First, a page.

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he engaged, it was only in slight skirmishes, and so very cautiously, that his troops had always the advantage. By this conduct he revived, by insensible de. grees, courage of the soldiers, which the loss of three battles had entirely damped ; and enabled them to rely, as they had formerly done, on their valor and good success.

Hannibal, having got immensely rich spoils in Campania, where he had resided a considerable time, left it, with his army, in order that he might not consume the provisions he had laid up, and which he reserved for the winter season. Besides, he could no longer continue in a country of gardens and vineyards, which were more agreeable to the eye, than useful for the subsistence of an army ; a country where he would have been forced to take up his winter quarters among marshes, rocks, and sands, during which the Romans would have drawn plentiful supplies from Capua, and the richest parts of Italy. He therefore resolved to settle elsewhere.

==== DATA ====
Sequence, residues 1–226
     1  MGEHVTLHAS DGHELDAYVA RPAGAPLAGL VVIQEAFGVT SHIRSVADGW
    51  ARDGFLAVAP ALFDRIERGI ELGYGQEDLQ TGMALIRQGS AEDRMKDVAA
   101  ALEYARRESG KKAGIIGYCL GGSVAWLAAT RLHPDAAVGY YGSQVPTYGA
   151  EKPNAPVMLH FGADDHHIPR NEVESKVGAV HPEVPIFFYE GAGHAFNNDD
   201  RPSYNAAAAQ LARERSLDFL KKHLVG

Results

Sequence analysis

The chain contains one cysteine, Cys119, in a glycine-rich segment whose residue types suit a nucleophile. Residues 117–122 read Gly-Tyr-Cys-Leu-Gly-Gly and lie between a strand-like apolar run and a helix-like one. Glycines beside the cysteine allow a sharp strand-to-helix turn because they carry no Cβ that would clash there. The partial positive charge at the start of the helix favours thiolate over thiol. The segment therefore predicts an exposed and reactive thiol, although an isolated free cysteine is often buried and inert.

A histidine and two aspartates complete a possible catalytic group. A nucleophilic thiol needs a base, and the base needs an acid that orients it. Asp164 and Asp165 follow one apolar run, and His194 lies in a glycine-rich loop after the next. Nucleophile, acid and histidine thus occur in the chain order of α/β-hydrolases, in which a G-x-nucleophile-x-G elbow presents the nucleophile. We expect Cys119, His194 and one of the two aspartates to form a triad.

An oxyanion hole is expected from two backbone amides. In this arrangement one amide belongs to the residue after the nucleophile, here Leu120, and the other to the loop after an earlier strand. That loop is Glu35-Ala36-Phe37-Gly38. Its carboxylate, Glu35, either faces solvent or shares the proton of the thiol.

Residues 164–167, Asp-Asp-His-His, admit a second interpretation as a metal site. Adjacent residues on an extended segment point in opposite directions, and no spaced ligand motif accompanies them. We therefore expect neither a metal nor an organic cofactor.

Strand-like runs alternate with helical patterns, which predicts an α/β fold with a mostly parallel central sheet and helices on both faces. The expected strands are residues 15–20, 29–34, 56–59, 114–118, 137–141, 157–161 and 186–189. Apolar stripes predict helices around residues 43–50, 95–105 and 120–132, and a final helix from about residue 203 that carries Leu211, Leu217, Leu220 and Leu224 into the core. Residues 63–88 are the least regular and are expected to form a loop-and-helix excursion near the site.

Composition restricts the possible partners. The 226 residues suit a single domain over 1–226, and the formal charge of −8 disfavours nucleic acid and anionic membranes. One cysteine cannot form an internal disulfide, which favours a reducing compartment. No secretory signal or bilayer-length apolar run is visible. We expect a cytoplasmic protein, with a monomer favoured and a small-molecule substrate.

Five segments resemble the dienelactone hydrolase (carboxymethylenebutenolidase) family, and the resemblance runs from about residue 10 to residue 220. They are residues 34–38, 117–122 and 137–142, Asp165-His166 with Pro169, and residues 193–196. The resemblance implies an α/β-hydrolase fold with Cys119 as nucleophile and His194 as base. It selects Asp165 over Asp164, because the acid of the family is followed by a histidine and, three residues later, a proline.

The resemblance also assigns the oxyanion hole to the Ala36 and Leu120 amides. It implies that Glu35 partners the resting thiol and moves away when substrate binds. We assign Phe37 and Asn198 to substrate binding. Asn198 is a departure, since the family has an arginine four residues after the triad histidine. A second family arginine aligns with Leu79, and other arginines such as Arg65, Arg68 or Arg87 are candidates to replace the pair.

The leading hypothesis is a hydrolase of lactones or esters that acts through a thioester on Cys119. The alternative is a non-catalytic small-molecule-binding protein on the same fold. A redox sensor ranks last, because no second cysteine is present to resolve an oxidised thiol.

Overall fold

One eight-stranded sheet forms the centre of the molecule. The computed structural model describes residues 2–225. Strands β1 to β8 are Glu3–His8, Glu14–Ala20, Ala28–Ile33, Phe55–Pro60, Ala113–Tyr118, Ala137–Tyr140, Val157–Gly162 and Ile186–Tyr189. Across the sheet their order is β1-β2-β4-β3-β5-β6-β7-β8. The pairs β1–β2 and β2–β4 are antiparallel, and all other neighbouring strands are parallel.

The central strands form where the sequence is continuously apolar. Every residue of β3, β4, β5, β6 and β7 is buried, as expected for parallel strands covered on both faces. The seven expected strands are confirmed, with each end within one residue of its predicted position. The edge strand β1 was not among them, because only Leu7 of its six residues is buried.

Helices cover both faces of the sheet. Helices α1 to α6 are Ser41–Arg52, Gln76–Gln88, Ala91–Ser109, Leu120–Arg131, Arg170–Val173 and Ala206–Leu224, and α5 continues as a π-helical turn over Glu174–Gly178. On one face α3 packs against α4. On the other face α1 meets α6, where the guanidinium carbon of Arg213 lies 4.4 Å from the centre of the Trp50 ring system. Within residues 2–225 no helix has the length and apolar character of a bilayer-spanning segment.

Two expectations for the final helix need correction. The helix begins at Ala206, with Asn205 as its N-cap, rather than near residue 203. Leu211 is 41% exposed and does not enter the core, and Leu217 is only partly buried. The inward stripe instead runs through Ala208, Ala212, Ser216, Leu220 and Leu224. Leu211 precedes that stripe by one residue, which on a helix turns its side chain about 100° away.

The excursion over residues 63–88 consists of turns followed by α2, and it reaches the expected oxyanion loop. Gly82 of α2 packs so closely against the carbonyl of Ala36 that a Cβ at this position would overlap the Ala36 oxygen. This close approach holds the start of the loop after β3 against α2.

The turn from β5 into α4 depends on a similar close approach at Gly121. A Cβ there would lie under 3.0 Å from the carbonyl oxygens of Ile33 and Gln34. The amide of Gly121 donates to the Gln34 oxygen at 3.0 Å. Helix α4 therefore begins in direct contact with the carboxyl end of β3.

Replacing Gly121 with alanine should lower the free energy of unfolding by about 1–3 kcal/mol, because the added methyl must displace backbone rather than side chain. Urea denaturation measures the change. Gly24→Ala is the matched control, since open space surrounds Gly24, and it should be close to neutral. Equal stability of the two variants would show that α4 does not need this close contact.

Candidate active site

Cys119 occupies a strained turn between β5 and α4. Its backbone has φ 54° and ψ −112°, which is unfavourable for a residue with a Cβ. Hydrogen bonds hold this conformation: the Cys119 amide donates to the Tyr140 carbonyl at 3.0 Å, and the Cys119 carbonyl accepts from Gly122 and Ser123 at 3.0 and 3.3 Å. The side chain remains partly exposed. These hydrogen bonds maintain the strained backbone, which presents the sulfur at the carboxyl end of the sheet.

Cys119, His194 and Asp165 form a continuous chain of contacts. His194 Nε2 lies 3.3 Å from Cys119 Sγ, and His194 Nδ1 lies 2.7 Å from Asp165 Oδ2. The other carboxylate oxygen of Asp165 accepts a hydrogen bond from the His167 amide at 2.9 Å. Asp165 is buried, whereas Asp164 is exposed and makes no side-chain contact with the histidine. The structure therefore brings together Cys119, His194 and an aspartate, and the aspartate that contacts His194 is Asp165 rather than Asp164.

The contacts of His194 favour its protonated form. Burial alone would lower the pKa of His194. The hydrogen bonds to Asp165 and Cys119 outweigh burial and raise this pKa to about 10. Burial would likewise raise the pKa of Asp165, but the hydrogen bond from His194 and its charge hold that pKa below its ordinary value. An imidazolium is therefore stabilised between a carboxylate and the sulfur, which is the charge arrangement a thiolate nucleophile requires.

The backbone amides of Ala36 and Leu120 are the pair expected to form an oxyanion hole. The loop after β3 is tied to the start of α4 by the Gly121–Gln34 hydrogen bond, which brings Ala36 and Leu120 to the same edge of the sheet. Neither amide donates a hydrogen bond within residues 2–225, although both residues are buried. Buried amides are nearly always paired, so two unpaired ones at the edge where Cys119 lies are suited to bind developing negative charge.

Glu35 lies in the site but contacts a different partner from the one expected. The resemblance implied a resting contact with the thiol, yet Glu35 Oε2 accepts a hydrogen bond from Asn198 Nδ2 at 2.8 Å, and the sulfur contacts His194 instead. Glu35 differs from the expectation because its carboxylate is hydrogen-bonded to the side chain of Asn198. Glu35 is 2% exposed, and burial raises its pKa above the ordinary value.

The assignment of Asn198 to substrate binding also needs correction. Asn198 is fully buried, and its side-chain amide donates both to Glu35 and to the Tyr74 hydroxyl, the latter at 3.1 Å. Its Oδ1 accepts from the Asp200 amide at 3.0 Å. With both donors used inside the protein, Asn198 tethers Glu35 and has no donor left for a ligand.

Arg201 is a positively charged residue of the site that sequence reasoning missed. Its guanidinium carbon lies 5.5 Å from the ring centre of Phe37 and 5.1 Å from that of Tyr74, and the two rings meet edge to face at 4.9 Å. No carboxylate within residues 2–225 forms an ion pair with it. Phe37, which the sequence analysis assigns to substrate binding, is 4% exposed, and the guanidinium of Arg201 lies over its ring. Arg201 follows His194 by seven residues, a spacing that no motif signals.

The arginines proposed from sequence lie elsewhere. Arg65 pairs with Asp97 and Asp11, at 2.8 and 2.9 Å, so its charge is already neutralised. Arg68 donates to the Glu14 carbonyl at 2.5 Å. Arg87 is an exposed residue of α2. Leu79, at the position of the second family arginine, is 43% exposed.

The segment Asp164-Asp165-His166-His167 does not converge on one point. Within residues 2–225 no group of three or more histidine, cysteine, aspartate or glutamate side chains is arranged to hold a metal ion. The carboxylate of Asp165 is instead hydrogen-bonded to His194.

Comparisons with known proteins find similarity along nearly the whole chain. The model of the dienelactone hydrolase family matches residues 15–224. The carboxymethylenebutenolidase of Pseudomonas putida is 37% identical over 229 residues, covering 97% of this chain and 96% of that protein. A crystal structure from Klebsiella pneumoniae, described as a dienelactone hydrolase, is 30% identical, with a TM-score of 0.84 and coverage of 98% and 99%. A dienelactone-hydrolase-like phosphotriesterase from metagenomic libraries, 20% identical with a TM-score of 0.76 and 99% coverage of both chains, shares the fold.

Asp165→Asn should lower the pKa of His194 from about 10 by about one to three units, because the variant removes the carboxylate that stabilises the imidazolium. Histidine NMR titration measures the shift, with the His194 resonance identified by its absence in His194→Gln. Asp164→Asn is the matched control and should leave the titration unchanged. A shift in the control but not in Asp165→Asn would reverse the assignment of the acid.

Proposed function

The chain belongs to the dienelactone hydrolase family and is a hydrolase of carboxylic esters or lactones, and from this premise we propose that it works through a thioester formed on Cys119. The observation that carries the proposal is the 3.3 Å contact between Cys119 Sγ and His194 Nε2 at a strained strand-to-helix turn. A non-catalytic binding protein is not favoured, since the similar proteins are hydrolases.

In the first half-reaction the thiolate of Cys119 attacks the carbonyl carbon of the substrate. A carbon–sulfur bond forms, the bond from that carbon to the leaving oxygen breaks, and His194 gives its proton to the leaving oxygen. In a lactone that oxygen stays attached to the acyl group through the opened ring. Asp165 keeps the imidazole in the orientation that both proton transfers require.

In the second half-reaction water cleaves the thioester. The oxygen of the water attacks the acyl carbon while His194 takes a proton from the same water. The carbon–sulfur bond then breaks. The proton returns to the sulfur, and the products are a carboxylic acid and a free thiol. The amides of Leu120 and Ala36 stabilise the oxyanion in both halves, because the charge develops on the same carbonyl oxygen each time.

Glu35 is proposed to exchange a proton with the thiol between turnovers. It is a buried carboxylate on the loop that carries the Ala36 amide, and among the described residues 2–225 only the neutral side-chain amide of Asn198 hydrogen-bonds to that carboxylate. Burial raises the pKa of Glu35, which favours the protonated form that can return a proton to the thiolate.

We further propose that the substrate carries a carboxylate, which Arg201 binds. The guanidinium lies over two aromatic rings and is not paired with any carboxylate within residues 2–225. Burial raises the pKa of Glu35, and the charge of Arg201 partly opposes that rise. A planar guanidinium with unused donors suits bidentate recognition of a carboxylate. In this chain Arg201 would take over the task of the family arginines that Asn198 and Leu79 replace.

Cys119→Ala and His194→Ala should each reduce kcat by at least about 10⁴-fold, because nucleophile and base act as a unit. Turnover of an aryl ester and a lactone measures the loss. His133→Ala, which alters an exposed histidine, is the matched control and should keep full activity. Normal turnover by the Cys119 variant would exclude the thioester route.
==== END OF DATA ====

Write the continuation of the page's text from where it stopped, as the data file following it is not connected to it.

Fabius naturally supposed that Hannibal would be obliged to return the same way he came, and that he might easily annoy him during his march. He began by throwing a considerable body of troops into, and there. by securing Casilinum, a small town situated on the Vulturnus, which separated the territories of Phaler. num from those of Capua: he afterwards detached four thousand men to go and seize the only narrow pass through which Hannibal could come out ; and then, according to his usual custom, posts himself with the remainder of the army on the hills adjoining to the road.